Posts Tagged ‘Sal Barbier’

Now That’s What Boil the Ocean Calls Skateboarding (’00s Edition): 20-11

November 13, 2009

20. “Ryde or Die Vol. 1,” 2001
ryde_or_die

One of the last videos with that 1990s feel, Rob Welsh came storming through with a section that observers and supporters had been waiting on since he popped up in the Mad Circle video. Kind of like the Pier 7 opener, there maybe are flaws to this section, but they’re awful hard to make out amid the crooked grinds and Wu-affiliated musics. Aside from the fade-to-whites, “ROD” also features rare full-length appearances from Kevin Taylor and Clyde Singleton, who floats that monstrous bar ollie, and Joey Pepper comes off all forward-thinking nowadays with his Stooges song and backside nosegrind pop-out 180s; this video also featured a pretty good John Igei part and a Mannie Fresh instrumental, ensuring it a top-20 position.

19. “In Bloom,” 2002
in_bloom

TWS’s first am-boosting video featured two of the most visceral parts committed to DV tape this decade from Trainwreck and TNT, more than balancing out the comparatively humdrum footage from the young Evan Hernandez and Mikey Taylor. Tony Trujillo was at the height of his powers, clinging onto tricks he should’ve bailed and ending with a sort of literal smash. People who don’t skate have watched this part on my TV and termed it poetry in motion, and also tight jeans. Whereas P-Rod stood on the cusp of cashing in his little-kid chips for a spot on Girl and probably should’ve had the last part with all the switch gap stuff, it becomes difficult to logically argue against Slayer and 100-mile-an-hour handrail jumping by the rapidly sleeved and unfairly maligned Alex Gall, practitioner of a truly brutal form of gnar skateboarding. I wish he’d stuck around. Finally, this entry would be remiss not to mention the inclusion of Chris Cole when he started getting more interesting, indulging in the Misfits and the Love Park gap.

18. “Man Down,” 2001
man_down

Everything that “Tilt Mode” was and more, except a little less, since there was no Juvenile and Steve Cab didn’t take another run that one crazy handrail, perhaps on sound advice from his lawyers. Saying that the Tilt Moders re-injected “fun” into things misses the point and can make the sayer sound embittered for his or her own bizarre and unfortunate reasons, but videos such as “Man Down” did seem to make a point to encourage drinking, indulging in peculiar fantasies, and generally taking things less serious than the pros who stare at handrails, or wap themselves over the head with their boards for instance. Marc Johnson’s last trick in this video was a switch hardflip backside tailslide, which Rodrigo TX did for his last trick in the Flip video last month. Marc Johnson also skated to the disco Rolling Stones and if you slow-mo certain tricks you can see him bludgeoning seal pups for fun and profit.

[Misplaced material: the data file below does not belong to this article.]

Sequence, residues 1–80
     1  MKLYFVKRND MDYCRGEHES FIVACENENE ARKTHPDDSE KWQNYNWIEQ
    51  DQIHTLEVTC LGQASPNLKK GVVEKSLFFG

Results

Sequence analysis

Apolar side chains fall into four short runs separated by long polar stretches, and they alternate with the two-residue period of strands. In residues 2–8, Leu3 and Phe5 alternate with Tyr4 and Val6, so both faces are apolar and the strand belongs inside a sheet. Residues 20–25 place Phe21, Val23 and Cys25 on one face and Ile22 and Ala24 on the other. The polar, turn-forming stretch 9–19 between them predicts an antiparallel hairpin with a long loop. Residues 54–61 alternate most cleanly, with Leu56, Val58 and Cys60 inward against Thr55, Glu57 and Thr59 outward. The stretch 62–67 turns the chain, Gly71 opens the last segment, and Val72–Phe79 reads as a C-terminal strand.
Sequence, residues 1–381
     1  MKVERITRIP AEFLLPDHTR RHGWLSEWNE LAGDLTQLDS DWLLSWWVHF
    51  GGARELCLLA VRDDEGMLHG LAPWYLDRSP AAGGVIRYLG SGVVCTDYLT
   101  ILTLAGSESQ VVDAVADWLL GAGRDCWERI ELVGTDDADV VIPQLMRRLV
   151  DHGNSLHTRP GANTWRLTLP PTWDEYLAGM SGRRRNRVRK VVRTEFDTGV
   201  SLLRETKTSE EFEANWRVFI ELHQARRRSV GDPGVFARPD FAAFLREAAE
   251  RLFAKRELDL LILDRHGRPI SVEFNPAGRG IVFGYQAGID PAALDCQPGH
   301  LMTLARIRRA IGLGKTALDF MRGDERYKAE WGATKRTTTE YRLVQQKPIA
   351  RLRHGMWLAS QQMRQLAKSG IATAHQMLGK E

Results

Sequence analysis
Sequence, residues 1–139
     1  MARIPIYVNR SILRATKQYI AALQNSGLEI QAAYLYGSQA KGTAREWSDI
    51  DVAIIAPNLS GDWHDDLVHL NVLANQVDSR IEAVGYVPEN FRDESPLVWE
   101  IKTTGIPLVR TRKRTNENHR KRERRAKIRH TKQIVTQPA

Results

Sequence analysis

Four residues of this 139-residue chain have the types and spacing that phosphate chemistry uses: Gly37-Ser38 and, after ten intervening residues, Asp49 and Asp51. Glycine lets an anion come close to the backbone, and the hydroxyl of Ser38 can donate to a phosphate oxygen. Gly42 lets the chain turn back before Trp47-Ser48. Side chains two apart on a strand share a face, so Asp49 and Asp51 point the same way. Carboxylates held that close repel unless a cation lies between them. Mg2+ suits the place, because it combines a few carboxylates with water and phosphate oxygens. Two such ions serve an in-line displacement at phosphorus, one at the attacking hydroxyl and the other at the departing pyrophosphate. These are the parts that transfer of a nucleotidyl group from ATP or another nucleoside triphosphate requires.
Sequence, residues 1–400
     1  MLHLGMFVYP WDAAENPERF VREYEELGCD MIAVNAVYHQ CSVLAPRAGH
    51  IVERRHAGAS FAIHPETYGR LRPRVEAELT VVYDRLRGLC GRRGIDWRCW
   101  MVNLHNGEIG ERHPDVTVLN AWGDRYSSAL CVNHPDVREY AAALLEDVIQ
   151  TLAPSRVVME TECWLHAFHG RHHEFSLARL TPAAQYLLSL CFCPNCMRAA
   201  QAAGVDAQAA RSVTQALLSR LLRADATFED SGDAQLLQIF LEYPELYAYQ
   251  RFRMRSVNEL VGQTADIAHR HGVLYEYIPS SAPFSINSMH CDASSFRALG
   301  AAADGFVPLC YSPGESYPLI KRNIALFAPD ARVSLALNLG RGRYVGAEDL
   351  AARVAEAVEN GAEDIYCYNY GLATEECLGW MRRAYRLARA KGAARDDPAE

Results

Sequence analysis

17. “This Is Skateboarding,” 2003
this_is_skateboarding

Retroactively the Emerica video with the kinda-silly title gets lumped in with the leather-jacket-and-basic-handrail-trick movement from the early part of the decade, which it was part of sure, but “TIS” had a lot more depth than that thanks in part to the crack production squad of Miner and Manzoori. Opening on a dismal/dour note with a subdued Heath Kirchart section, they meander through the noisome world of Ed Templeton and his ollie impossibles, the most legitimately urban Tosh Townend part, and the last major effort from Chris Senn who did that crazy f/s pivot. Kevin Long roared onto the scene here, spinning both switch and frontside, and the Reynolds closer has that opening line for the books and some serious left-field tricks like the switch backside shifty.

16. “The DC Video,” 2003
DC_video

DC’s vaunted debut video was notable for a few reasons, including Rob Dyrdek seeming to make a sincere effort, Josh Kalis making some of the first miscalculations when it came to choosing tricks, and Colin McKay skating to Jimmy Buffet while foreshadowing the rise of the Geico insurance lizard. The video as a whole though gets over on three parts: Anthony Van Engelen’s blistering crooked-grind melee, Brian Wenning doing less than five tricks regular-footed throughout his other great video part, and yea, the Danny Way. A generation in skateboard-years later the mega-ramp is a known commodity, with its own X-Games designation and related baggage, but seeing the iron man jump and twirl and soar over that thing for the first time was a very, very nutty thing to see, and the victory lap with the rainbow rail sealed the deal.

15. “Mind Field,” 2009
mind_field

Reminding us what a video can do aside from whomping you over the head with unending ledge combos, “Mind Field” returned Alien to form in time for the decade to close out after a few years of soul-searching brought the company to Burton’s doorstep. Purists will quibble about putting on Arto and distribution strategies but in the end-results department “Mind Field” was a triumph, dragging AVE back out of the gutter, putting a match to the incendiary Omar Salazar, letting Jason Dill do as he must and anointing Jake Johnson as a new standard-bearer for New York City – before Heath Kirchart blows through and wipes out everything. Maybe if we were doing this list five years from now, this video would be higher.

14. “Vicious Cycle,” 2004
vicious_cycle